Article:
The last fall of snow did not last nearly long enough and I did not get as many images in it as I would have liked. This is my favourite. Two thrushes fighting over apples. The light was very dull, so I needed to overexpose by 1.7 stops and use the 40-150mm lens at f28. From a canvas hide.
I will probably buy a second 1.4 extender soon. I would like to have one fitted to both the 40-150mm and the 300mm lens.
Wild boar have always been very hard to see in the Forest of Dean, but on the last two visits I have been able to photograph a small group quite well. The first day was far too sunny and the light in the woodland contrasty. So I returned a few days later when it was more overcast. All taken with the Olympus EM1 Mk2 and the 40-150mm lens.
I have sold all my Canon camera bodies, but hung onto the lenses for now in the hope that Canon announce a top of the range mirrorless system in the spring. I do not want to use a DSLR every again. I have got too used to the wonderful advantages of a mirrorless camera. The Pro-capture feature is my favourite and I keep looking for the opportunity to use it. I have it set so it takes 14 pictures before I press the button and only 1 after. I get 15 pictures each time. This helps to reduce the editing time that would otherwise be very high at 60 frames per second.
I do like the Olympus for being small and light, but it is not the biggest draw for me. I can still cope with the heavier Canon gear and would like to see a full chipped mirrorless Canon body.
This long-tailed tit is flying towards a feeder and the camera manually prefocused in the flight path.
There have been a lot in the country this year and several have been seen on the estate where I do most of my photography. This is the first one to pose in front of a hide at a feeding station.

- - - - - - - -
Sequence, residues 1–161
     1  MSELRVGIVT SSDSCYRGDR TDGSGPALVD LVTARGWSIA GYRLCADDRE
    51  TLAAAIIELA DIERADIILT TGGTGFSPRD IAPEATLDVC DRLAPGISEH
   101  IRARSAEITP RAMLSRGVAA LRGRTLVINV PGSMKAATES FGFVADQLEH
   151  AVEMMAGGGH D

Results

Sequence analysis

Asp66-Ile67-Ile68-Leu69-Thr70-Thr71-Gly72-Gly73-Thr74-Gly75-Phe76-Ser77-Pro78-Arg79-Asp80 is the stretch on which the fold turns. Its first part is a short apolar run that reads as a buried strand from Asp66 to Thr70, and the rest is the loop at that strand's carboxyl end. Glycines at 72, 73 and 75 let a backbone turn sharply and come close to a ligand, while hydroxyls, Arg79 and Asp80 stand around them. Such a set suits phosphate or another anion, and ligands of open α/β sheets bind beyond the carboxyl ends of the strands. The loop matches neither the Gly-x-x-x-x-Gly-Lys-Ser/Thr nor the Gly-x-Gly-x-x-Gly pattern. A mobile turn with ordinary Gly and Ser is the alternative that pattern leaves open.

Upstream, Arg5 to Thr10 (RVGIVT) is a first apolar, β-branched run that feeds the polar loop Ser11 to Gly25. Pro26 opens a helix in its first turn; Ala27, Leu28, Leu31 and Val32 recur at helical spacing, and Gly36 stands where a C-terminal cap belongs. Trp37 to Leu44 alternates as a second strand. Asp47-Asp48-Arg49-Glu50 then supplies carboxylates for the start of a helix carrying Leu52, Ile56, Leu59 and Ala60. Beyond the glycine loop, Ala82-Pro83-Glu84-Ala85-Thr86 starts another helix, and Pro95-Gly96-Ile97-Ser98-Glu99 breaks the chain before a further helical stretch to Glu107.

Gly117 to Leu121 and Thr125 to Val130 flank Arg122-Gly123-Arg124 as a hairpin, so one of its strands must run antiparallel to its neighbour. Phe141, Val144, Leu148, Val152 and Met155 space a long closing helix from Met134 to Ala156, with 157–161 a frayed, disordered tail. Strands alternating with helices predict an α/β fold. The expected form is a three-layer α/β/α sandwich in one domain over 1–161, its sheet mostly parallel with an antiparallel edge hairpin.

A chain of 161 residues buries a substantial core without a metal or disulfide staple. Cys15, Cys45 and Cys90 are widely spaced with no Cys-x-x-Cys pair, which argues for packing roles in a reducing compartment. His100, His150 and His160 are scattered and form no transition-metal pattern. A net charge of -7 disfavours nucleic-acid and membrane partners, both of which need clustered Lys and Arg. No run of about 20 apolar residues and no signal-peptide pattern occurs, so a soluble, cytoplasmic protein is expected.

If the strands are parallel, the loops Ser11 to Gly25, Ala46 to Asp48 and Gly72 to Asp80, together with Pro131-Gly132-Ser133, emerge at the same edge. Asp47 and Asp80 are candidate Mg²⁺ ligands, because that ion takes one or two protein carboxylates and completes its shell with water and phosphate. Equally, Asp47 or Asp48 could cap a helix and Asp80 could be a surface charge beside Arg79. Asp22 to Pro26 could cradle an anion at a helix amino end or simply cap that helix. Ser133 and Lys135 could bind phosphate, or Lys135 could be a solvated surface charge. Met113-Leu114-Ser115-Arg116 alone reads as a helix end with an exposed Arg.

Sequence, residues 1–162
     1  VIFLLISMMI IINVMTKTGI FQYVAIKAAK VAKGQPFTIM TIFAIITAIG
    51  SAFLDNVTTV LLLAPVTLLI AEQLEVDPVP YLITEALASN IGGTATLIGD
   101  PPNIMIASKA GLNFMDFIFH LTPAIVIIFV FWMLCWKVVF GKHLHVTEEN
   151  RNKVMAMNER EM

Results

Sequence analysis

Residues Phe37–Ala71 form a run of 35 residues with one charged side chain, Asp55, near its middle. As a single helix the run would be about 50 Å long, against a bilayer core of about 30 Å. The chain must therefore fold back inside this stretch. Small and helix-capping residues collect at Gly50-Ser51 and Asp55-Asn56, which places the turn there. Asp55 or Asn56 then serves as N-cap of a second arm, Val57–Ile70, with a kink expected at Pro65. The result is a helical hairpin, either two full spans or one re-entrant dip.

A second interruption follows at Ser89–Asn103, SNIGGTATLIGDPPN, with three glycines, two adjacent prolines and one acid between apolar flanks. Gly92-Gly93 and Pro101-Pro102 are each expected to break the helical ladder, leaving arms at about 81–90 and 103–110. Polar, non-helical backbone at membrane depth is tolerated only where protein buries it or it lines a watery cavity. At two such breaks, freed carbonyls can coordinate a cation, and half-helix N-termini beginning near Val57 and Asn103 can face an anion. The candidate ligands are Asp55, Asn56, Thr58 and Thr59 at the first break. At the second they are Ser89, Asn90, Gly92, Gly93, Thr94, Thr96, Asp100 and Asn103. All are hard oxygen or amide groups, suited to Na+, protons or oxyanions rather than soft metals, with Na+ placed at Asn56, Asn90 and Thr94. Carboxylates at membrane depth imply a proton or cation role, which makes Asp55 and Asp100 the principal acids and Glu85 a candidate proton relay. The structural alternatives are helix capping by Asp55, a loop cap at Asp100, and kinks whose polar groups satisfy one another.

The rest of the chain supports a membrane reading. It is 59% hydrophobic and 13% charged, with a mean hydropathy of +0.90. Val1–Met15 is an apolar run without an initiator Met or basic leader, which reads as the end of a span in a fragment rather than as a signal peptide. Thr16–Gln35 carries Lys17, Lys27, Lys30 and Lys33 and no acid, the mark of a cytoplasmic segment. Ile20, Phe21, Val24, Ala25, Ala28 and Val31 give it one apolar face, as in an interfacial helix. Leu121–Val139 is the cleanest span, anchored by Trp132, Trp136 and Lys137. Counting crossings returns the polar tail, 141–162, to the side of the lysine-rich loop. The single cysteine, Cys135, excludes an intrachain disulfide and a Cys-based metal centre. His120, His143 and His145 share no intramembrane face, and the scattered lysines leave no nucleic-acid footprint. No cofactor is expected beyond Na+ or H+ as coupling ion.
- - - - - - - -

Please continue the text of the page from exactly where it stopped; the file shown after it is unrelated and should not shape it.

Taken with the Olympus Em1 Mk2, 300mm f4 lens plus 1.4 extender. 1/8000th at f5.6. 1600 iso. No crop.
I was using the Olympus Dot Sight Viewer. This is a small device that fits to the hot shoe of the camera. When powered on there is a red dot which you line up onto your subject. It needs calibrating in the same way as the sights on a rifle, but is simple to do.
Instead of looking through the camera viewfinder you use the viewer, which is clear, bright and flicker free to follow the bird in flight. It is much easier to follow fast flying birds. The downside is you can’t judge the image size and have to hope the AF is working well.
Magpies and Tree sparrows were the commonest birds we saw in South Korea. Magpies in flocks of 100 birds and much larger flocks of Tree sparrows. Overall though the photography opportunities in South Korea during the winter were limited. I took my Canon gear as well as the Olympus micro four thirds camera, but hardly used the Canon. The Em1 has become my camera of choice almost every time.
I have owned a Gopro Hero 2 for a number of years, but not taken many pictures with it as I was never happy with the image quality. However, I have now tried the Hero 6 and it is much better and with important controls over shutter speeds and ISO settings, which was not possible before. I am still learning the settings, but would like to get a set of bird images taken with it although I will start with the easy ones such as Canada geese and Mute swans.
I have been feeding Magpies in a local park for some time, but they never became reliable or started to recognise me as a source of food. Eventually I gave up and tried another park and the results were almost instant. By just the third visit they had accepted me and seemed to be awaiting my arrival. I would like a shot of them flying head on towards me with tail and wings widespread. So far I hav enot got that sharp.
All taken with the Olympus Em1 Mk2 and the 300mm f4 Olympus lens. 3200 iso and at 18 fps. Shutter speeds usually around 1/4ooo th at f7.1.
The last time I visited Bradgate Park for the deer rut was 2010. Thirty years ago I would be there all by myself, but in 2010 there was about 30 photographers gathered pre-dawn by the small bridge over the river. This week I went along and judging by the numbers of vehicles in the car park an hour before sunrise I thought it would be even more crowded. However, when I reached the bridge there was nobody present, which was easily explained by the lack of deer in the field. This was for many years a favourite spot for deer and photographers.
I went off walking around the rest of the park and although there were plenty of photographers they were well spread out and I was able to photograph by myself mostly. The deer performed well and I enjoyed it more than I expected. I also enjoyed the fact that I was only carrying the lightweight Olympus MFT gear and not humping my heavy Canon gear around.
All taken with the Olympus EM1 Mk2 and a 300mm f4 lens.